I dont want this block sitting here eight months of the year as a car park and not being used, he said.
Tom Turners family runs Agapi Fish and Chips and Venus Loves Gelato, and back the proposed location.
There are not a lot of things for young people to do in winter. The skate park would be used more than the car park during the rest of the year, he said.
Doug Don initiated a petition objecting to the proposed location. He said Jupiter Park was more suitable given it has public toilets, a playground, barbecue and ample space.
Felicity Kaye has a holiday house next to the proposed site and is concerned about her familys privacy if the skate...
POLICE are appealing for public assistance to help locate missing a Boolarra teenager.
Breanna Bourke, 16, was last seen on January 2, 2018 in the Boolarra area.
Police have concerns for her welfare due to her age.
She is approximately 150cm tall with brown hair and a petite build.
She is believed to be in Morwell, however she could also be in the other areas of Gippsland.
Police have released an image of Breanna in the hope someone recognises her and can provide information regarding her current whereabouts.
Anyone with information about Breanna is asked to contact the Morwell Police Station on 5131 5000.
SOUTH Gippsland could be in for hot and dry weather for the rest of summer, resulting in a dreadful fire season according to the Ruby Fire Brigade.
Captain Michael Guest said rain early in the season would result in grass and bush growing, and produce more fuel for fires.
Ruby CFA member Darren Hardacre said, The grass and bush areas have dried out really quickly and a lot of the bush is lacking soil moisture and is already dry.
Its really significant for us to make sure locals have prepared for the season. Whether theyre in town or rural areas, they need to have a fire plan.
We urge people to seek the knowledge and prepare a plan. If they dont know what to do, there is information on the CFA website or they can contact their local brigade.
Mr Guest suggested residents tidy around their properties, keep grass short, keep wood piles away from house, cut back branches and clear roof gutters.
The Ruby CFA trained once a month ahead of the fire season.
The training has included ensuring everyone is familiar with how the pump works, as well as tree hazard awareness, Mr Guest said.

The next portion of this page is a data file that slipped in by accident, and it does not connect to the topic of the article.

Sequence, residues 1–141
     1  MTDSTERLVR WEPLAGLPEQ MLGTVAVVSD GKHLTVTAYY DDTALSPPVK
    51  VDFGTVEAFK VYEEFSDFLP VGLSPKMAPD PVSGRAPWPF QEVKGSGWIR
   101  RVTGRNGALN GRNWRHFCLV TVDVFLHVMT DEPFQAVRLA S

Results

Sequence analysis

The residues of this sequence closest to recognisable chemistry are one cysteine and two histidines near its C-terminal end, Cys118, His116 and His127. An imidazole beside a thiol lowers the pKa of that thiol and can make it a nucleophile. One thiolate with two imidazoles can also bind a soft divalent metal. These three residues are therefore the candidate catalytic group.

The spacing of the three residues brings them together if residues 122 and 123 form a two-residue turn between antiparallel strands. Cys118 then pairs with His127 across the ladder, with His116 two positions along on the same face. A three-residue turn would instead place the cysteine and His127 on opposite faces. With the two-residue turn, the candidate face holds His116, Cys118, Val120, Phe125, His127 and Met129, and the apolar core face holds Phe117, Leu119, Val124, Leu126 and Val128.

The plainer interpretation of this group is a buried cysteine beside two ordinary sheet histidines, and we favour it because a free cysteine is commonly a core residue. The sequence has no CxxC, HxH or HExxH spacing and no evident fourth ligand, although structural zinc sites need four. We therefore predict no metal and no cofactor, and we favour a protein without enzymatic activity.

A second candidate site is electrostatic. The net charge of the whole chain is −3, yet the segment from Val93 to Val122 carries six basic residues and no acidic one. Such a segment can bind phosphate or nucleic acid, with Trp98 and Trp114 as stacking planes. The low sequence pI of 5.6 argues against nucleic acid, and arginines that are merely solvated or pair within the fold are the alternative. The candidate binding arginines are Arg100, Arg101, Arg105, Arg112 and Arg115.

Everyone needs to make sure they have a plan for their pets and farm animals on bad days, especially if they are away on the day, and to share the fire plan with everyone living at the house, the neighbours and family members not at the house.
Not only are fire fighters preparing, but so are the Ruby Reds, the voluntary CFA members who help at the brigade, organising events and catering for firefighters. There are 45 Ruby CFA members and around 20 active operational members.
POLICE are investigating an armed robbery at Korumburras Middle
Hotel early yesterday (Monday) morning.
At about 12.30am, an offender gained entry to the premises on Commercial Road and stole money.
The offender was chased from the hotel and apprehended, before
escaping down Radovick Street after a brief struggle.
Detectives from Bass Coast Criminal Investigation Unit are investigating the incident, as well as a burglary at Korumburra Car Company in Radovick Street, but were unsure what was stolen from that business.
A PROPOSAL to build a new RSL complete with upmarket accommodation in Leongatha could still proceed.
Last year, the Leongatha RSL flagged the possibility of building a new RSL on the corner of Smith Street and Michael Place in Leongatha.
The new complex was to include a restaurant, accommodation, function centre and on-site parking.
The RSL proposed to buy the former Carinos office complex now owned by South Gippsland Shire Council and sell the existing RSL site in Michael Place to council.
But the RSL withdrew its proposal in October 2017, despite the RSL and council entering into a Memorandum of Understanding to start talks about a land swap earlier that year.
The Star understands the Leongatha RSL withdrew its proposal after the complex did not receive unanimous support from the RSL committee, despite significant work already being undertaken to progress the project.
The Star understands committee members in favour of the new RSL are advancing their case for the project to advocate for the proposal to proceed, citing it would benefit Leongatha and broader South Gippsland.
Had council acquired the existing RSL site, it was likely the site would be included within a municipal precinct to include new council offices and a library for Leongatha.
Among those supporting the proposal is RSL president Steve Wisdom.
If it does not happen, it will eventually mean the death of the club, he said.
RSL members for the project believe it would help attract new members, young and old, as well as provide a diverse income stream by enabling the club to host large functions by offering extra space, as well as accommodation, to people attending those functions.
How the project would be financed was a point of conjecture, with significant capital raising in the order of many millions of dollars by the community required.
Council mayor Cr Lorraine Brunt welcomed the prospect of a new RSL.
We have been informed that the local RSL was not in favour or was not able to agree on moving forward on that project, but it would have been fantastic if they could have come to some sort of agreement on how to best move forward, she said.
If they cant come to an agreement, there is not much we can do. Im sure there is support from within council, if they do want to do something. It would be great for Leongatha.
Cr Brunt would not rule out a municipal precinct in the long term.
Councils existing offices are ageing and were not designed for modern municipal operations.
You have to think that over time you have to evaluate your office space, Cr Brunt said....